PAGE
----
Monday, February 3, 2014

How much cropping, Photoshop manipulation, tweaking, adjusting and adding new elements is okay, enough or too much?

Email: brqyvn@gmail.com

 Hi Photographer friends,


How much cropping, Photoshop manipulation, Tweaking, adjusting and adding new elements is okay, enough or too much?

We all ask ourselves these questions at one time or another. Photography is an art, and just like painting, you can make the final results reflect what you want it to represent. You are creating an image, you are not just reporting an image. A lot of people like to produce HDR (High Dynamic Range) images. Trey Ratcliff specializes in HDR images and he's doing pretty well. As an artist, you are in control, although sometimes the HDR is pushed to the limits and it starts to look like a cartoon. However, if that's the way you feel comfortable in expressing yourself, it's all good.

With today's cameras supporting 24 megapixels and more, you can crop your images effectively.  You can crop, rotate and tweak your images and still have a big enough file to produce medium to large prints suitable for framing.

So...although I believe that there are no limits in creativity, there is one exception. I absolutely refrain from modifying any image that are part of a photo-journalistic essay, or for publishing media. If you are reporting an event, no modifications should ever be made, except for some slight rotation to align the horizon, or similar changes. The content of the original image should always remain unchanged otherwise you are lying to the reading and viewing public.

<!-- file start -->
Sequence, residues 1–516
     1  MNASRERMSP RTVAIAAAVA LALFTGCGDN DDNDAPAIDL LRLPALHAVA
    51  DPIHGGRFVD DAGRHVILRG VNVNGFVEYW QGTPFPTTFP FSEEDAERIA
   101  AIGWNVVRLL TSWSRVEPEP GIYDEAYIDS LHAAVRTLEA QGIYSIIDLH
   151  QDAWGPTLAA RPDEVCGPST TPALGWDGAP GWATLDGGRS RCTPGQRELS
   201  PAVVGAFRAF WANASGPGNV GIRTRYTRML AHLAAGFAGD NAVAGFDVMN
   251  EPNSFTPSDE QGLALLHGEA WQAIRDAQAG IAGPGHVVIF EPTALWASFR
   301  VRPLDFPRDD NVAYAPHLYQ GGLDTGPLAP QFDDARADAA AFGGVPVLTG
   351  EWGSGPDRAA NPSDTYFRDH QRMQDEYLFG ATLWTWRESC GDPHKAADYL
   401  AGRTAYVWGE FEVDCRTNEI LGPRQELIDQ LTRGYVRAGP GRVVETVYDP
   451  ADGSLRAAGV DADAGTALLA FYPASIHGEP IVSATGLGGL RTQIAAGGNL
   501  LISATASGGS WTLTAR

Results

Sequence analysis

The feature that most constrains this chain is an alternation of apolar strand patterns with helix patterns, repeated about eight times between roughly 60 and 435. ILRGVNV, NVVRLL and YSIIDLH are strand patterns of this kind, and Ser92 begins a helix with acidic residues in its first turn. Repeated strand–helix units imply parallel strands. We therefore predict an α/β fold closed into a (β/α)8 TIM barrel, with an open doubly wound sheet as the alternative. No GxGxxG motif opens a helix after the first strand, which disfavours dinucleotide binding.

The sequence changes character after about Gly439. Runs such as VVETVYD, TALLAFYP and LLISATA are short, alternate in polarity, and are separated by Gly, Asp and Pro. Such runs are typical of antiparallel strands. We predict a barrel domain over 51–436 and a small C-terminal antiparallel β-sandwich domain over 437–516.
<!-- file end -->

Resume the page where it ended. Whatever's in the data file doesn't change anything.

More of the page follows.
The first image below is the image that I found most pleasing to me and I had it framed. It is now hanging in my RV.




See how I got there. The original photo is displayed below. There was nothing special about the image, but I saw beyond that and my imagination wanted to bring it to what I thought I saw in the viewfinder, real or imagined.


The first thing I did was to straighten the image and then I cropped it to remove uninteresting  elements.



Working with Photoshop Lightroom 5.0, I changed the lighting, the shadows, the clarity and the contrast. I also adjusted the white balance.  It's not for everyone, but for me, the original image was not a keeper but I was able to make it my preferred image of that day.



You can keep on adding to it, but once you start to add other elements, you are painting an image. There is nothing wrong with it, it's just not the picture you took to begin with. However, it's great for a web site page or for enhancing an image within a pre-selected context.




 


Thank you for reading,

Yvon Bourque

You can purchase e-books for all the Pentax DSLRs on my e-commerce site. More tips are included and more will be added in the future. The newest e-book about the great Pentax K-3 is available, with more that 300 pages. 

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